German Museum Chiefs Condemn BDS Ruling, Arts Community Calls for Repeal

German Museum Chiefs Condemn BDS Ruling, Arts Community Calls for Repeal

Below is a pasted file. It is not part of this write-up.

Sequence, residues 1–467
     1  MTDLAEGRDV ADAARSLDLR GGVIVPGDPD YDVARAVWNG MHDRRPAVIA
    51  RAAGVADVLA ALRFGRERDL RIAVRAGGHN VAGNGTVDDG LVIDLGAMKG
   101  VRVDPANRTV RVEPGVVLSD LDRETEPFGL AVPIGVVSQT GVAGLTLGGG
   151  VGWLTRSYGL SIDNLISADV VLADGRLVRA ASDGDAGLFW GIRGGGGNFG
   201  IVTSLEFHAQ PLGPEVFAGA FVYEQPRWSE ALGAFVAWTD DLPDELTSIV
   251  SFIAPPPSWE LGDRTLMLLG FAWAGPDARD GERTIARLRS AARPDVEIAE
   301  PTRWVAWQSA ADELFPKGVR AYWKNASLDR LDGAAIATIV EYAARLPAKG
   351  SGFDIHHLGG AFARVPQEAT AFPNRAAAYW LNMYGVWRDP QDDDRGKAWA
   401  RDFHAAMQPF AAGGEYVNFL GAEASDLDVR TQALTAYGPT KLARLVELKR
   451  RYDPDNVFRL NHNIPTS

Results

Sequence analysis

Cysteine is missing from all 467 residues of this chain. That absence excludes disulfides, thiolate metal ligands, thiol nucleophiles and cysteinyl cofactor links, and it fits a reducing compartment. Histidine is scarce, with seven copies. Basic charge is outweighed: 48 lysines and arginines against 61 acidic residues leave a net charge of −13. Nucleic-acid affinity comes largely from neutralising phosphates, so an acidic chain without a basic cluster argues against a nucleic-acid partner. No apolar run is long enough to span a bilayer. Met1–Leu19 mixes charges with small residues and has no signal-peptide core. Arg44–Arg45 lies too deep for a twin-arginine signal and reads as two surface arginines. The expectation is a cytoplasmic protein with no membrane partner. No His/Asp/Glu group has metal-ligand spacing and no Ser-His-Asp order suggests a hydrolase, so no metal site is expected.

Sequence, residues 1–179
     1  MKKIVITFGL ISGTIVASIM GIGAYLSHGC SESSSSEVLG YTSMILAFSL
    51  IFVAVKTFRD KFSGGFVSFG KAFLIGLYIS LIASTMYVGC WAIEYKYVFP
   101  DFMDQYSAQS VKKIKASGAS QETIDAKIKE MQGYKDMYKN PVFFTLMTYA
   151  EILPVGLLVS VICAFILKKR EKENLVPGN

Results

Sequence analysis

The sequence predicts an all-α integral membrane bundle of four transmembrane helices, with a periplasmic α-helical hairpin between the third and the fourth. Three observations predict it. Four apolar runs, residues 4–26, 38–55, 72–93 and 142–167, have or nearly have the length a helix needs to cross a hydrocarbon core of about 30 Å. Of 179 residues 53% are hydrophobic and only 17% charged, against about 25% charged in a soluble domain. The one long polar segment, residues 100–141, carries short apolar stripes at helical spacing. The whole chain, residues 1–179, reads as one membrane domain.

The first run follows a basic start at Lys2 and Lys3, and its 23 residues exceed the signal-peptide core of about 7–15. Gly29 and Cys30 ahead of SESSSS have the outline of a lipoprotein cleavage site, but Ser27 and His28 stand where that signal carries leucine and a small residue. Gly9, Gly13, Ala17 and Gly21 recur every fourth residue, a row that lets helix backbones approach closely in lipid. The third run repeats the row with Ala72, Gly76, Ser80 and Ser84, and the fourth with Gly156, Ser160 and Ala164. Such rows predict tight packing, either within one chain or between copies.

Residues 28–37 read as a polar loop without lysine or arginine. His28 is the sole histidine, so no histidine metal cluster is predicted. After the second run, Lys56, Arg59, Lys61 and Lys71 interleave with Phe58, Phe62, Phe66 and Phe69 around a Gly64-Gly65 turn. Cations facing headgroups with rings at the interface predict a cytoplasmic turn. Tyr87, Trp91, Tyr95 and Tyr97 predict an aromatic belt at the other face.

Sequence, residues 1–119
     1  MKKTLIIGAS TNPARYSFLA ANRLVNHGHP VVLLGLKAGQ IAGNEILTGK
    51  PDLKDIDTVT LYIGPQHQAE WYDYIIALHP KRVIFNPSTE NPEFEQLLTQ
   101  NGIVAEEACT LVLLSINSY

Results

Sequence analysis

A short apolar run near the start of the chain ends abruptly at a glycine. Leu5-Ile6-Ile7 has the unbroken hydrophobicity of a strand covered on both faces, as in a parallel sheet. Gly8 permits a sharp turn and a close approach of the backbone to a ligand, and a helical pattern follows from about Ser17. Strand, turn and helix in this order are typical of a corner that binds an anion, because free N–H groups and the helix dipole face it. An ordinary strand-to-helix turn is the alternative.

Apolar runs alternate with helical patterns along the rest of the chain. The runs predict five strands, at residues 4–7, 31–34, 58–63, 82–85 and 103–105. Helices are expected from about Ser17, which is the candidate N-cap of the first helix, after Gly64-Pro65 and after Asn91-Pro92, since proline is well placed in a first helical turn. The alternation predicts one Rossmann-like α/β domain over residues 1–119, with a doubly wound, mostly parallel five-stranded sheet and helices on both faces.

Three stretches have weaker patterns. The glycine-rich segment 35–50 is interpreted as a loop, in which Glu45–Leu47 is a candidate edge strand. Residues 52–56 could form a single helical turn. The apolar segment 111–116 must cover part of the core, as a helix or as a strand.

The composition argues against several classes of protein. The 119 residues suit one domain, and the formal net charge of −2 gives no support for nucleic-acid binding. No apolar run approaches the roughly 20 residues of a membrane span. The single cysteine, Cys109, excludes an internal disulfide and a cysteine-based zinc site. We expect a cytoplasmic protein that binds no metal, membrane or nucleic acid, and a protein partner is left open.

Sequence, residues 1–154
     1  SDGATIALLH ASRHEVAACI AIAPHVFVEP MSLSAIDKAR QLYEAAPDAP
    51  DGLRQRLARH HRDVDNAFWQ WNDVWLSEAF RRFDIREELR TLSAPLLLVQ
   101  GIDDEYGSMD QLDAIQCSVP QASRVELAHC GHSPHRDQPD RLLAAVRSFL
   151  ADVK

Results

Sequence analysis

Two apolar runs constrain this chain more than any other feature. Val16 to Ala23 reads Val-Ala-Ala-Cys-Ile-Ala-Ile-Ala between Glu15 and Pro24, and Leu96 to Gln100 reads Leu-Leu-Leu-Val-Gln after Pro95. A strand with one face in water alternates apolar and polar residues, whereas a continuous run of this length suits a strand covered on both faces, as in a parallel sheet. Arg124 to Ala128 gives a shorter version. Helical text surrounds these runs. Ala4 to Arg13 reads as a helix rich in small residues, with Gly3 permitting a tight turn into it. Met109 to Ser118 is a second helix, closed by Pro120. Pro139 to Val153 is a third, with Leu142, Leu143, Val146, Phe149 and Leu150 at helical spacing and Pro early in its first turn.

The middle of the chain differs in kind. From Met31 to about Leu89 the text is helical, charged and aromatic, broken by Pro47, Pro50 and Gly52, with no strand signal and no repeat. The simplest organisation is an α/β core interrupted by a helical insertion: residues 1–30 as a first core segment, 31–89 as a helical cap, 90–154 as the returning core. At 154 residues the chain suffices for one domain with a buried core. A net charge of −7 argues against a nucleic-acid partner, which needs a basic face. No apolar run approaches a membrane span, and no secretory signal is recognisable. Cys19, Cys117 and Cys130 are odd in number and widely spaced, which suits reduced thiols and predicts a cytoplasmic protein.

More than a thousand artists, educators, and academics who live in Germany or have ties to cultural institutions there on Monday signed an open letter demanding the German parliament, or Bundestag, reverse a 2019 advisory resolution condemning the Palestinian Boycott, Divestment and Sanctions movement (BDS) as “anti-Semitic.” The missive came on the heels of another open letter, noting that thanks to the resolution, “accusations of antisemitism are being misused to push aside important voices and to distort critical positions.” Released on December 10, it was signed by thirty-two directors of German arts institutions, who in their statement announced the formation of Initiative GG 5.3 Weltoffenheit (“world openness”), which rejects the resolution as “dangerous” and detrimental to the democratic public sphere.The 2019 resolution calls on German states and municipalities to deny public funding to any organization that “actively supports BDS” or that questions the state of Israel’s right to exist. Critics say that the ruling, while meant to underline Germany’s rejection of anti-Semitism and its firm commitment to Israel’s right to exist, is squelching public discourse and restricting artists’ freedom of expression, thus denying them two guaranteed constitutional freedoms. Those calling for its repeal additionally contend that the ruling dangerously marginalizes other oppressed groups.Among the more surprising incidents spawned by the resolution are the October 2019 denial by the city of Aachen of a cash prize to Walid Raad (though he eventually received it) after the Lebanese-American artist refused to condemn the BDS, and Peter Schäfer’s resignation this past June from his position as director of Berlin’s Jewish museum after coming under fire from Jewish community members and Israeli officials for tweeting an open letter opposing the labeling of BDS as anti-Semitic. This fall, Cameroonian philosopher and political theorist Achille Mbembe was branded an anti-Semite in the media and by German lawmakers after he compared Israel’s expansion of settlements in the occupied Palestinian territories with apartheid in South Africa.“Cultural exchange does not work by deciding who we are allowed to talk about, and who we aren’t,” said Johannes Ebert, a signatory of the December 10 letter and secretary general of the Goethe Institute, an international promoter of German culture, speaking with the New York Times. “Especially in international cultural exchange, you have to listen closely, you have to be willing to speak to people whose positions you don’t share.”German culture minister Monika Grütters told the Times through a spokesperson that the “rules applying to contentious and controversial debates” in Germany include unequivocal recognition of Israel’s right to exist,” noting that the country “rejects anti-Semitism and the denial or trivialization of the Holocaust in the strongest possible terms.”The December 14 letter, signed by Lawrence Abu Hamdan, Candice Breitz, Hans Haacke, and Michael Rakowitz, as well as by Israeli artists Ariella Aïsha Azoulay, Yael Bartana, and Hila Peleg, among others, declares that “no state should be exempt from criticism. Regardless of whether we support BDS or not, as signatories of this letter we share an insistent belief in the right to exercise non-violent pressure on governments that violate human rights.”

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